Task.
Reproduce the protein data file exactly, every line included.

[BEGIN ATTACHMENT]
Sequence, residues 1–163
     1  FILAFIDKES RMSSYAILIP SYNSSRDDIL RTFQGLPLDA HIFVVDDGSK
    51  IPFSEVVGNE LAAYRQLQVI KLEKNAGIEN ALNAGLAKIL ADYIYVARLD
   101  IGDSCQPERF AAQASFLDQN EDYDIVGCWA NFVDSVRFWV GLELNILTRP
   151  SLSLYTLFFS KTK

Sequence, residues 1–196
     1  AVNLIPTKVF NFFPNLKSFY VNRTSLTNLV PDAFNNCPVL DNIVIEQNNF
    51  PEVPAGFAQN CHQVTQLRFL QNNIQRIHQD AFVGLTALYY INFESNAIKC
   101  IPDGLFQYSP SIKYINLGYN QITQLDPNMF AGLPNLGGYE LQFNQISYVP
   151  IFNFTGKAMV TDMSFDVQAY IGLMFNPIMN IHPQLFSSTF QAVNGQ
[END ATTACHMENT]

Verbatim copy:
Sequence, residues 1–163
     1  FILAFIDKES RMSSYAILIP SYNSSRDDIL RTFQGLPLDA HIFVVDDGSK
    51  IPFSEVVGNE LAAYRQLQVI KLEKNAGIEN ALNAGLAKIL ADYIYVARLD
   101  IGDSCQPERF AAQASFLDQN EDYDIVGCWA NFVDSVRFWV GLELNILTRP
   151  SLSLYTLFFS KTK

Sequence, residues 1–196
     1  AVNLIPTKVF NFFPNLKSFY VNRTSLTNLV PDAFNNCPVL DNIVIEQNNF
    51  PEVPAGFAQN CHQVTQLRFL QNNIQRIHQD AFVGLTALYY INFESNAIKC
   101  IPDGLFQYSP SIKYINLGYN QITQLDPNMF AGLPNLGGYE LQFNQISYVP
   151  IFNFTGKAMV TDMSFDVQAY IGLMFNPIMN IHPQLFSSTF QAVNGQ